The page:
The same week that smoldering hostilities in the GNOME
development community burst into flame with the angry resignation
of a GNOME 2.0 release coordinator, a longtime KDE developer has
opened fire on that desktop project. The two desktops have long
engaged in heated competition, which now seems to entail which can
do the most damage not to the other but to itself.
Both disputes highlight potential problems in large development
projects staffed in whole or part by unpaid volunteers, and the KDE
dispute underlines the ambiguities surrounding the rights of
individual developers involved in such projects.
In a blistering commentary on his home page, Daniel M. Duley,
known as "Mosfet" in the KDE community, charged that the KDE-2.2
release manager, Waldo Bastian, had asked him to remove his code
for Duley's "Pixie Image Management System" from the KDE CVS tree,
but when Duley removed some otther items he had written, including
popular (and in one case the default in many installations) themes,
Bastian added it back without Duley's permission and revoked
Duley's CVS access.
"Well, it seems that the KDE project has decided to both fork my
code, against the author's wishes, and include them unmaintained
back into the KDE libraries," said Duley. "This is a regretable
circumstance, and I think reflects very badly on the KDE project
itself. Of course they have the right to fork whatever they want,
but usually when you do so it's to add features. In this case it's
not - it's because they simply want to include things that I (the
author) do not into KDE CVS where I would ratherwrite and package
them independently. I think the crass behavior shown in this should
serve as a warning to all free software developers."
In response, Bastian issued a copyrighted email message on the
kde-devel mailing list in which he said he bore Duley no ill will,
but found him ill-suited to a KDE-type development effort -- and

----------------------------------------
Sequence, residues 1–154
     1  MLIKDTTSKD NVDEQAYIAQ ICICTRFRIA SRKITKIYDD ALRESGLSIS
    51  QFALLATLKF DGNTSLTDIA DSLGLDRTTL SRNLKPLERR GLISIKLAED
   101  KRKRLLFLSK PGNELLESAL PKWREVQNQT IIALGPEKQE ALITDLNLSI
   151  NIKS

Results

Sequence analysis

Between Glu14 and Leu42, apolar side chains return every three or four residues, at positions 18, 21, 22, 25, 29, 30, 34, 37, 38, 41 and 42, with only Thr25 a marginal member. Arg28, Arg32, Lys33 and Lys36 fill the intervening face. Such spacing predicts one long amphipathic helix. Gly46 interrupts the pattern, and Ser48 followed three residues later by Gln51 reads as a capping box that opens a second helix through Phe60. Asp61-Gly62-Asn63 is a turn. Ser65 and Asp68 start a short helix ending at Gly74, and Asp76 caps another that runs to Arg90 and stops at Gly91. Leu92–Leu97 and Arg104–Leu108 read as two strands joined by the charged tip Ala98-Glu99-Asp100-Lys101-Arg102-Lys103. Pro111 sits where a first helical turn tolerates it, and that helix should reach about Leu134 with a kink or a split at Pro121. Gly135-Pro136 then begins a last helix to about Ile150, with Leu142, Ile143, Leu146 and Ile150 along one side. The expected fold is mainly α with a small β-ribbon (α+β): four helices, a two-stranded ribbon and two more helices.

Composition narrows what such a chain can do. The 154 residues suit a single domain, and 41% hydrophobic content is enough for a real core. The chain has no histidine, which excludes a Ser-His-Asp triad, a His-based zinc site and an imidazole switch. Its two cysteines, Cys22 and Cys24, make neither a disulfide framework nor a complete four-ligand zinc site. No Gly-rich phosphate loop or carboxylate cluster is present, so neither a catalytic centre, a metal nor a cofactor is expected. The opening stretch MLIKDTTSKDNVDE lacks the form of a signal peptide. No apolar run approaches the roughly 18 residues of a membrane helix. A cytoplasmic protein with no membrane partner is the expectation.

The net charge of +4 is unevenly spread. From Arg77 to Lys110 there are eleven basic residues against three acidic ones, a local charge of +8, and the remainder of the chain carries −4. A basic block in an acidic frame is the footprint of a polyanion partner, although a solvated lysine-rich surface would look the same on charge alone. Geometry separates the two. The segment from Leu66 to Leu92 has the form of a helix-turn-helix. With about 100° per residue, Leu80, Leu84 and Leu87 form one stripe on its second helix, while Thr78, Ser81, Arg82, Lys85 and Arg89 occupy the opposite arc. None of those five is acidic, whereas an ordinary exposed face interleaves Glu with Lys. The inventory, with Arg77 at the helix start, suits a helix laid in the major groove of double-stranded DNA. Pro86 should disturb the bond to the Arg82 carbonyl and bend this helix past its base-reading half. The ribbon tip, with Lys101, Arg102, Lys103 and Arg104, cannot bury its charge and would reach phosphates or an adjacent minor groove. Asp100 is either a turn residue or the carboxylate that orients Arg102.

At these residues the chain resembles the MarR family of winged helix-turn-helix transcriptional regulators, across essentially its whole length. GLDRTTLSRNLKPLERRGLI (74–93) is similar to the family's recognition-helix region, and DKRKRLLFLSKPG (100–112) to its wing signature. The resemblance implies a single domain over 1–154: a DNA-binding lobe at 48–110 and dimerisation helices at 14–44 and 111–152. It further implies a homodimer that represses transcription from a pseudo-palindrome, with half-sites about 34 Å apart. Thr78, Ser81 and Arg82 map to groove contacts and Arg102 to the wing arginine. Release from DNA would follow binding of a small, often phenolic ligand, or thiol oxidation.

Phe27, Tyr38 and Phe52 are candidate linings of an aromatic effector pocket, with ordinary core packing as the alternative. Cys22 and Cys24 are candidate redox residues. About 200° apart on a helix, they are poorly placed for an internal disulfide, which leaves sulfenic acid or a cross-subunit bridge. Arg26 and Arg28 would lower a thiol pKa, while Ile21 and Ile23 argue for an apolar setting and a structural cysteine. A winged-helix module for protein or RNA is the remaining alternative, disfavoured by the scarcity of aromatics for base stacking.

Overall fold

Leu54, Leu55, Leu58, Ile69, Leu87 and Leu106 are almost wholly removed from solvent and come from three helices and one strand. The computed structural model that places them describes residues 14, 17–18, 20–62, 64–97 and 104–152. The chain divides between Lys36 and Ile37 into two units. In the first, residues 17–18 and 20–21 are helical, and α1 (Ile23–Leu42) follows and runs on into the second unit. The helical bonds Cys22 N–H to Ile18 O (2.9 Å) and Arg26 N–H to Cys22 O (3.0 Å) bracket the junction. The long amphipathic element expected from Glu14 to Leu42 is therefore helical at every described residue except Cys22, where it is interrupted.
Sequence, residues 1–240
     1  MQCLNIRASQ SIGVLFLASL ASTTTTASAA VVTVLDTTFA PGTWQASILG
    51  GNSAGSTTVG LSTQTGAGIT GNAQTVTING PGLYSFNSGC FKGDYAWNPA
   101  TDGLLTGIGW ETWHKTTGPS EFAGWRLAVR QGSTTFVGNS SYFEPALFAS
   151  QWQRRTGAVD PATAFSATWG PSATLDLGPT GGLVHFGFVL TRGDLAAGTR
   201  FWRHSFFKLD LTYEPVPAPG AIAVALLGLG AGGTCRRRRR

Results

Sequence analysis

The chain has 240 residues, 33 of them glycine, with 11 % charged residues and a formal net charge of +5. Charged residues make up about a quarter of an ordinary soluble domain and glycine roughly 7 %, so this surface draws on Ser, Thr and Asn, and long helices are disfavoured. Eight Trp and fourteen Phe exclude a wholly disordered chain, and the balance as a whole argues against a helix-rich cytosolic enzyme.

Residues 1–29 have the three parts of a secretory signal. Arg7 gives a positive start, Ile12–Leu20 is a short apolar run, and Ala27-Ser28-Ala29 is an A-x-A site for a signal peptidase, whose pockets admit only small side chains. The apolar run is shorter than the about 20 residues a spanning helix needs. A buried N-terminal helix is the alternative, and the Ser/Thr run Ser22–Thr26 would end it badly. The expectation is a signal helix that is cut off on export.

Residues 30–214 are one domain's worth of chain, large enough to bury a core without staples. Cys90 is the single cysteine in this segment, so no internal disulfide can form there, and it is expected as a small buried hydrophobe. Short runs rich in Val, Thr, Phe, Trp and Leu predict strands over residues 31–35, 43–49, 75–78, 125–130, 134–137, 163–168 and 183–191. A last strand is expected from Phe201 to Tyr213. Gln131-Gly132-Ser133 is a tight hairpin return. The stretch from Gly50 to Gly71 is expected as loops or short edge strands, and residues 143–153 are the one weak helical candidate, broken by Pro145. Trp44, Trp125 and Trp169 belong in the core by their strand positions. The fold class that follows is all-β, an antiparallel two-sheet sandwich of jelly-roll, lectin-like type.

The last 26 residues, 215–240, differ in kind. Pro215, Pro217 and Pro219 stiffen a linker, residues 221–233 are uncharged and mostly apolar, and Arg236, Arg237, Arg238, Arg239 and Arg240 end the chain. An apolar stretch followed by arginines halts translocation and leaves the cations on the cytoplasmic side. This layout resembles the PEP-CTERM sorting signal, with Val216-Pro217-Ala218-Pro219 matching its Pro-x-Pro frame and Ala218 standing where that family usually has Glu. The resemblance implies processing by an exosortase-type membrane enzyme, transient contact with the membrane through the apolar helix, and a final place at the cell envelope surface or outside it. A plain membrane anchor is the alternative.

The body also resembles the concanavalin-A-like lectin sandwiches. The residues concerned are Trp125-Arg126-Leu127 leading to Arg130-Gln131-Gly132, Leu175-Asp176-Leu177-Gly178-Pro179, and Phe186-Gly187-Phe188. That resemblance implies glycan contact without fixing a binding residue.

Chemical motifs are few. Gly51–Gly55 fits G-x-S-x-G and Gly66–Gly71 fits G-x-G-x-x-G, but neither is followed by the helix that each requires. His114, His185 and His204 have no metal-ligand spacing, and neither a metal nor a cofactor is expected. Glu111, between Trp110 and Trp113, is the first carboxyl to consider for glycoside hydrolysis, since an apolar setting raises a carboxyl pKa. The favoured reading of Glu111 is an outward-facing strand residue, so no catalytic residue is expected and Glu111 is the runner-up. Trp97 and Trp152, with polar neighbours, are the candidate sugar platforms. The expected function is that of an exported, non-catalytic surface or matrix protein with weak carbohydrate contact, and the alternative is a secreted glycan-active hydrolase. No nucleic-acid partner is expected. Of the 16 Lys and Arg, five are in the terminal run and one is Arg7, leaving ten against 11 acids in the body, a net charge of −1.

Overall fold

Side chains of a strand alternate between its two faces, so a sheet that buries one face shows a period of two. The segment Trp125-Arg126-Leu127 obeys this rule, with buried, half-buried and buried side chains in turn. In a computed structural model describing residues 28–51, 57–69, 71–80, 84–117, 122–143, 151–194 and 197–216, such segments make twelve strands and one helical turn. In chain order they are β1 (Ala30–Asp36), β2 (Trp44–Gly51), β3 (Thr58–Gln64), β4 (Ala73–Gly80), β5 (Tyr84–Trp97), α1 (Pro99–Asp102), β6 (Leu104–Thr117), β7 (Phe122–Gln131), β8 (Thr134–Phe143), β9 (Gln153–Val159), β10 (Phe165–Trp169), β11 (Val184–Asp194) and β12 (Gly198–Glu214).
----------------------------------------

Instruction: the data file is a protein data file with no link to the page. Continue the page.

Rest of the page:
pointed out that KDE has rights to Duley's code.
"[B]y putting your code under and open source license and
putting it in KDE CVS you give the world at large, as well as KDE
in particular, the irrevocable right to use your code," Bastian
wrote. "And KDE will use that right at its discretion to protect
the interests of KDE, even if that goes against the wishes of the
author at that point in time.
"To relate the above to the recent actions by Daniel (aka
'mosfet'). I don't think that Daniel accepts the responsibilities
that come with having code in CVS and therefor I believe that it is
better that from now on Daniel will develop his code outside KDE
CVS. In that light I have asked Daniel to remove Pixie from CVS.
Pixie is cleary primarily developed by Daniel and there is no
point in keeping a version of it in KDE CVS when all further
development will be done by Daniel outside KDE CVS. I haven't asked
Daniel to remove any of its other code because this code is clearly
an integral part of KDE. Removing it would harm the interest of KDE
and its users. Removing such code can not be allowed."
Bastian charged, and Duley admitted, that Duley has achieved a
reputation among KDE developers for appearing with new code just
before a major release and arguing for its inclusion. KDE-2.2beta1
is scheduled to be tagged for release before month's end.
The public eruption had been building for several days following
Bastian's request that Pixie be taken out of CVS. And it became a
public dispute as dissention among GNOME developers over the
direction of GNOME 2.0 flared, with the resignation of Martin
Baulig, the GNOME 2.0 release coordinator, in what apparently was a
dispute with Ximian, Inc., the surviving GNOME-based corporation.
This led to unexpectedly harsh words from a leader of the Linux
development community, Alan Cox.
"Thats why I'm now mostly using XFCE," wrote Cox in a post to
the GNOME-hackers mailing list. "Its no longer about building a
cool environment; its about a small number of companies trying to
screw each other.
"Fortunately for GNOME most of those companies wont be here in
12 months time because they don't have a credible business model.
At that point it will be interesting to see how people work
The disputes among the two largest Linux desktop projects are
concrete examples of questions that have been raised in the
abstract as Linux's size and influence has grown: To what extent do
developers have control over the implentation of their own code? Is
there a place for the work-alone developer in large projects? Can
permission to use a developer's code, once given, be withdrawn?
And in a broader view: How large a project can be successfully
undertaken by unpaid developers? Is it inevitable that past a
certain point, factors other than the immediate task at hand govern
the progress of a project?
These questions have been mulled for years without any answers
forthcoming. If the disputes within the desktop development
communities are indicative of a trend, those answers may soon be
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